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9/13/2007
SPECIAL REPORT: Not just yet; court challenges delay HOS changes

Thursday, Sept. 13, 2007 – Nothing is going to change with the hours-of-service regulations on Friday, Sept. 14, thanks to a pair of legal challenges filed with the U.S. Court of Appeals for the District of Columbia Circuit.

Officials with the Owner-Operator Independent Drivers Association said that until FMCSA takes some sort of official action truckers should continue operating under the 11-hour driving rule and utilizing the 34-hour restart if needed.

The court handed down a decision on July 24 that granted Public Citizen’s petition to eliminate the 34-hour restart and 11-hour driving limit. At that time, the court also denied a petition submitted by the Owner-Operator Independent Drivers Association requesting the 14-hour on-duty clock be stopped when truckers use the split sleeper-berth provision and that sleeper-berth time be divided in segments smaller than an eight-consecutive-hour period and a two-hour period.

That decision was not to go into effect until mid-September.

Just before that deadline, the Owner-Operator Independent Drivers Association and the American Trucking Association filed separate legal challenges.

OOIDA requested that the court reconsider its opinion on certain hours-of-service rules. OOIDA asked the court to rehear portions of its July opinion on sleeper-berth provisions and the prohibition on drivers stopping the 14-hour clock to take short rest breaks and naps on two legal grounds.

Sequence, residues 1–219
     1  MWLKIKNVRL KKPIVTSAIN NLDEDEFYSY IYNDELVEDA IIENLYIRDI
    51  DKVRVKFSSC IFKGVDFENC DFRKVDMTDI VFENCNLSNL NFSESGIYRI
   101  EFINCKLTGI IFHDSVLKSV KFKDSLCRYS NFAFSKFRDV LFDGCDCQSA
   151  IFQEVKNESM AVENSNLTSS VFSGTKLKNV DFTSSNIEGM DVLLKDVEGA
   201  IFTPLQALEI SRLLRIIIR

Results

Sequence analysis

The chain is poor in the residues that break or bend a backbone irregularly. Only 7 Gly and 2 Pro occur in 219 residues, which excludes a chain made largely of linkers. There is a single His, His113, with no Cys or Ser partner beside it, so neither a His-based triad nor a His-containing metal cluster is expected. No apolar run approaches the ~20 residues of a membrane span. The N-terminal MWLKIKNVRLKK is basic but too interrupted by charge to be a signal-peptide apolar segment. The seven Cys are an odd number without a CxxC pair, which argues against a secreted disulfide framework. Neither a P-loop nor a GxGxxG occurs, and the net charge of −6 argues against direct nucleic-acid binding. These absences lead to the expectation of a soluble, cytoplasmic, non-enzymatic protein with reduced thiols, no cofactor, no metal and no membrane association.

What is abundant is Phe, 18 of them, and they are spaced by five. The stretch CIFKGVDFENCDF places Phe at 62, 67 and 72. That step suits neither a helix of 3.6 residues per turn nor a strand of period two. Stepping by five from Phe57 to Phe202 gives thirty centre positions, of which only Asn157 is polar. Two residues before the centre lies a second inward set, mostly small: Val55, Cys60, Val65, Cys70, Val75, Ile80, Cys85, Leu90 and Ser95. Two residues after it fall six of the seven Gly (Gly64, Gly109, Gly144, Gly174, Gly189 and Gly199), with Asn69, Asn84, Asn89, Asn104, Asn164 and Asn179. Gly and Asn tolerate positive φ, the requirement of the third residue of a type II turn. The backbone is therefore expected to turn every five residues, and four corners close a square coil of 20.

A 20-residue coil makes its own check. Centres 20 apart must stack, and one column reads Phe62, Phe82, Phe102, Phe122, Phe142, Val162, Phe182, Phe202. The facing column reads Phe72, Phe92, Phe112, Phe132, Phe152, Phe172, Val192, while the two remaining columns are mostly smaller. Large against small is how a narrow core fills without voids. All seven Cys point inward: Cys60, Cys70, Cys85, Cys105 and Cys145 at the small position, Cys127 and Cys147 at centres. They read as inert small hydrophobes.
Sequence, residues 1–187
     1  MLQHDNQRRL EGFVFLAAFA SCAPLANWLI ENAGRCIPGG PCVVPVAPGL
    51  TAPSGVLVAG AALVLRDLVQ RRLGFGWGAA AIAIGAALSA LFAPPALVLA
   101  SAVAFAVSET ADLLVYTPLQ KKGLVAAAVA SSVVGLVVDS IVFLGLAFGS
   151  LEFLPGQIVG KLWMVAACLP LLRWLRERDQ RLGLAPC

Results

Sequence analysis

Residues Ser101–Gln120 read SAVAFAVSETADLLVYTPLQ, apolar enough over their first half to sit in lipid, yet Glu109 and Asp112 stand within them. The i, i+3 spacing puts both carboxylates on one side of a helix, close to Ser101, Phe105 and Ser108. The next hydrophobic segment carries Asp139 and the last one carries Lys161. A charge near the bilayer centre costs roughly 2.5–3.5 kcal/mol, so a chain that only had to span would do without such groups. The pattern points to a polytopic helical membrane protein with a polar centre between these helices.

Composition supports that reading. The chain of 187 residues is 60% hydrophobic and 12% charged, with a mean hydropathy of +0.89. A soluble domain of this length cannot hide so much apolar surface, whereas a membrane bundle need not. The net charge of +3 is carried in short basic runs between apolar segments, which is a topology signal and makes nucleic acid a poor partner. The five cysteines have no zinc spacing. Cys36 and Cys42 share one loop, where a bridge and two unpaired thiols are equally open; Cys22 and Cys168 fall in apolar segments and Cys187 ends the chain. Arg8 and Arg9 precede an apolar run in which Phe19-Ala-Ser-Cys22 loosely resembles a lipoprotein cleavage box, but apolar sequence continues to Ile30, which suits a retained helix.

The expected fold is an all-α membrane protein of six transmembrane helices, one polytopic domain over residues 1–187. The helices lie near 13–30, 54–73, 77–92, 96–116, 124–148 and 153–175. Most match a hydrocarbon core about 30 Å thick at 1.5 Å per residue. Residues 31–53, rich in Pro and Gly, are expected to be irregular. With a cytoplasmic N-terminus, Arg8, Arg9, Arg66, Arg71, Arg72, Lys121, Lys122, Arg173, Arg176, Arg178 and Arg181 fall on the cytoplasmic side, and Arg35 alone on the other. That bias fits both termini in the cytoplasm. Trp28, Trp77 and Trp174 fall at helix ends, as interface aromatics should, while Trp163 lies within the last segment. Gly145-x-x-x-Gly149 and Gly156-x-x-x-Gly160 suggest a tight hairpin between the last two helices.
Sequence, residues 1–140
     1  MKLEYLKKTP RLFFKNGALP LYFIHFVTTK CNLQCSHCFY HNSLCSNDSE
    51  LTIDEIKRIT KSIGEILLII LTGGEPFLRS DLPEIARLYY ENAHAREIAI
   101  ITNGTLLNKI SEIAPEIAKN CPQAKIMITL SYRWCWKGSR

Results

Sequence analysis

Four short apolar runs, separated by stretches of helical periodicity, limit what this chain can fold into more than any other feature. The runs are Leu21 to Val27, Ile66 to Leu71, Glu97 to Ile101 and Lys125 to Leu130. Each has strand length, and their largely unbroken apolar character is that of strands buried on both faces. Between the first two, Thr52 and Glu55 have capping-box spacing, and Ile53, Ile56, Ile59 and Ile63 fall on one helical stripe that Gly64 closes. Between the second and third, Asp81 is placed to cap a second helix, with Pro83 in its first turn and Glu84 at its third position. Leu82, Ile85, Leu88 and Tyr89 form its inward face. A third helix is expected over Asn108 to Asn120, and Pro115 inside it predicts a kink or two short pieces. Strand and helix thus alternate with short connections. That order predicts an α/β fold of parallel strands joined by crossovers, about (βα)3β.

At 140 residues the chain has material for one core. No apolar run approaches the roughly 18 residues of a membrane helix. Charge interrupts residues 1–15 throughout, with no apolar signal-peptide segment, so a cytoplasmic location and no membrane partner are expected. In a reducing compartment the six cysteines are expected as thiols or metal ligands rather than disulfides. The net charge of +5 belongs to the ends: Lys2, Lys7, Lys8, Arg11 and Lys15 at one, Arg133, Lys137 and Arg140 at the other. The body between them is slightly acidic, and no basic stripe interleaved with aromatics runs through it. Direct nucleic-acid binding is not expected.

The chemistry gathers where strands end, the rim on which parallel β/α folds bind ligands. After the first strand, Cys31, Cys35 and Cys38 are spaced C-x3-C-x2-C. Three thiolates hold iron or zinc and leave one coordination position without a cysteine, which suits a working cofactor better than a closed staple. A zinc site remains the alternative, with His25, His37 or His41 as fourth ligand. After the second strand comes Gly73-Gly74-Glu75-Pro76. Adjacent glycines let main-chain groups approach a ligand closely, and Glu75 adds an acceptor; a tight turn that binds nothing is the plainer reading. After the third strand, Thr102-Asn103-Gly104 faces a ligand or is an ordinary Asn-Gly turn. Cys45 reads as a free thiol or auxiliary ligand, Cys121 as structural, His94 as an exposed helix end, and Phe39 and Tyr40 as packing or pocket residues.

The ATA filed a motion seeking to stay the court’s decision for eight months to allow the Federal Motor Carrier Safety Administration time to come up with a rule.

Both cases effectively delayed the Sept. 14 deadline for the court’s decision to go into effect.

“Nothing is going to happen on the 14th because the court has to make a determination regarding the rehearing and the stay. Until the court sorts out those two requests, nothing is going to happen. Everything is on hold,” said Charles Miller, a spokesman with the Department of Justice.

“I would love to tell you when something is going to happen, but right now we just don’t know,” Miller said. “We’re just waiting to hear from the court when they are going to review the various requests that have come in from different organizations.”

When it comes to complying with hours of service, no matter what happens in the U.S. Court of Appeals for the District of Columbia, changes to the regulations can only come from the FMCSA.

The court’s decision that vacated two portions of the regulation does not actually change the regulation. That’s FMCSA job. And, the court’s decision does not tell FMCSA what changes to make to the regulation. That’s up to FMCSA to decide how to accommodate the court’s ruling.

“The court’s ruling impacts the agency, not the truckers,” said OOIDA President and CEO Jim Johnston. “Truckers should continue operating the way you are until we see some sort of official action out of FMCSA.”

– By Jami Jones, senior editor
jami_jones@landlinemag.com

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